Item 7: [Referring to a claim that Texaco offered to sell their refinery for $50 million]: Among various alternatives, Texaco has offered to sell the refinery to the Honduran Government, but it has set no price for, a possible sale.
In conclusion, I will add that, since the unfortunate incident of last January, the Honduran Government has provided the necessary letters of credit, in good time, in accordance with its agreement, making it possible for Texaco to maintain its delivery of petroleum products to that country.
- P. B. Hicks, Jr.
Our headline, "Texaco accused of blackmailing Honduras, " states a matter of fact: the then-economy minister of Honduras, Ruben Mondragon, told the Associated Press, as reported in The New York Times, that Honduras was suffering a petroleum shortage "Because Texaco is pressing our government to gain a 207% increase in the price of gasoline. "
Texaco's counter-claim that the shortage in January was caused by Honduran government delay in approving a foreign exchange transfer was, and still is, denied by Honduran government officials in Tegucigalpa and Washington.
Mr. Hicks complains in item 4, that the Monitor is giving the Honduran government greater credibility than Texaco; in fact, neither party's version of events was endorsed by the Monitor since neither party has presented evidence.
Whatever the cause of the January shortage, it is hard to understand Mr. Hicks' claim in item 2 that "price was not an issue. " In our story we quoted a Texaco spokesperson, Mike Malcolmson, explaining that the company had not been refining petroleum at its Honduran plants since September, 1981, because "it is uneconomical to do so. " Malcolmson blamed this situation on the Honduran government's excise tax on crude oil imports. This reference to price - made by a Texaco official - is the one Mr. Hicks rejects in item 5.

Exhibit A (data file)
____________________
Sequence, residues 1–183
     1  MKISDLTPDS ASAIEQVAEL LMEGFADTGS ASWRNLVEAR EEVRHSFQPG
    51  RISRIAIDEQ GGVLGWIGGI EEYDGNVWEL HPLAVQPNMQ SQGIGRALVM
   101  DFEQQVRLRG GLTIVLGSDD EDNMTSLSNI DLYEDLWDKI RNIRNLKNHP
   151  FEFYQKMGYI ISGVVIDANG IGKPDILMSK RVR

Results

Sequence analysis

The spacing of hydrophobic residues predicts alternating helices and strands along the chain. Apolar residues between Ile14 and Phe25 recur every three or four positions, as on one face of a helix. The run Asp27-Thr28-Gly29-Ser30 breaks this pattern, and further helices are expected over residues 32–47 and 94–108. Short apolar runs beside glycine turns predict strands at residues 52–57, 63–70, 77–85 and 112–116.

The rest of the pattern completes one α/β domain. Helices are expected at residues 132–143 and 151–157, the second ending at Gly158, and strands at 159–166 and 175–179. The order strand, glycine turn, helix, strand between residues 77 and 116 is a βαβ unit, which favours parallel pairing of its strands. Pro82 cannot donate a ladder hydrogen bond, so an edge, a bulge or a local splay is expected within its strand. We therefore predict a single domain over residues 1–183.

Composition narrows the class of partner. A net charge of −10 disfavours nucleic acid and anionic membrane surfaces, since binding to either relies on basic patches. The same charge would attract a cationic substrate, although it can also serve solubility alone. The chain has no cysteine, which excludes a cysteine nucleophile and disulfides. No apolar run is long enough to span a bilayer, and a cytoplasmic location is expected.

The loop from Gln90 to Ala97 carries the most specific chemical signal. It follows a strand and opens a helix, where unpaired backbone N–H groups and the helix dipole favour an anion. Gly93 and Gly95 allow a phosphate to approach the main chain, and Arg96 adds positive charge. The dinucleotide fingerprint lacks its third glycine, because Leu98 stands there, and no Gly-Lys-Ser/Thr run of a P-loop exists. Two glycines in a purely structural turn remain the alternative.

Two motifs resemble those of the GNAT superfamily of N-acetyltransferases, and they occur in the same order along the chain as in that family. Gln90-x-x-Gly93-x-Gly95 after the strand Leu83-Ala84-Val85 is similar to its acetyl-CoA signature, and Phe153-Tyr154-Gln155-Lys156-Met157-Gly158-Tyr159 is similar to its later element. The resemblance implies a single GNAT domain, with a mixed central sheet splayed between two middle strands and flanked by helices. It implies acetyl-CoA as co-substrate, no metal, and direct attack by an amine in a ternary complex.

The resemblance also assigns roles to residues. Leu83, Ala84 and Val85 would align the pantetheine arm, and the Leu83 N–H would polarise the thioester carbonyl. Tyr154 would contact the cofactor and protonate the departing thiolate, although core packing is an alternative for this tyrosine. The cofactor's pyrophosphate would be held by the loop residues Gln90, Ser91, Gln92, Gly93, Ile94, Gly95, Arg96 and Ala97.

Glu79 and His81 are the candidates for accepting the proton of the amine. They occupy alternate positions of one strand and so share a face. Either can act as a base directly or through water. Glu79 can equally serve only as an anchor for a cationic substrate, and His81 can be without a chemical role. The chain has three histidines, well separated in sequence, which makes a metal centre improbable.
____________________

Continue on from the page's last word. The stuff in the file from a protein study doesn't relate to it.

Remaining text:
A further note on the issue of price: Texaco's refinery at Puerto Cortes contains the nation's only facilities for refining imported crude, or for storing petroleum.
The Honduran government would like Texaco to utilize fully the capacity of its 12,000-barrel-per-day refinery, only resorting to imports of refined petroleum to fill the small but widening gap between the refinery's production and domestic Honduran consumption, according to Moises Starkman, economic counselor at the Honduran embassy. But since a 1980 agreement between the governments of Honduras, Mexico and Venezuela - in which the latter two nations agreed to supply all of Honduras' crude petroleum needs at a set price and to reinvest a proportion of their profits in energy development projects within Honduras - Texaco has been reluctant to refine Mexican and Venezuelan crude at the Puerto Cortes refinery.
Because the buying price of crude and the selling price of gasoline in Honduras are now fixed by the government, "it became not uneconomical (for Texaco to refine oil in Honduras) - just more profitable to do it elsewhere, " Starkman says.
To clarify items 3 and 6, the refined petroleum that Texaco has been importing is principally Saudi Arabian crude which is refined in Trinidad or Barbados and then transshipped to Honduras.
Finally, on Mr. Hick's item 6, it was a senior Honduran official, who wished to remain anonymous, who told Multinational Monitor that Texaco had offered to sell the Puerto Cortes refinery to the Honduran government for $50 million.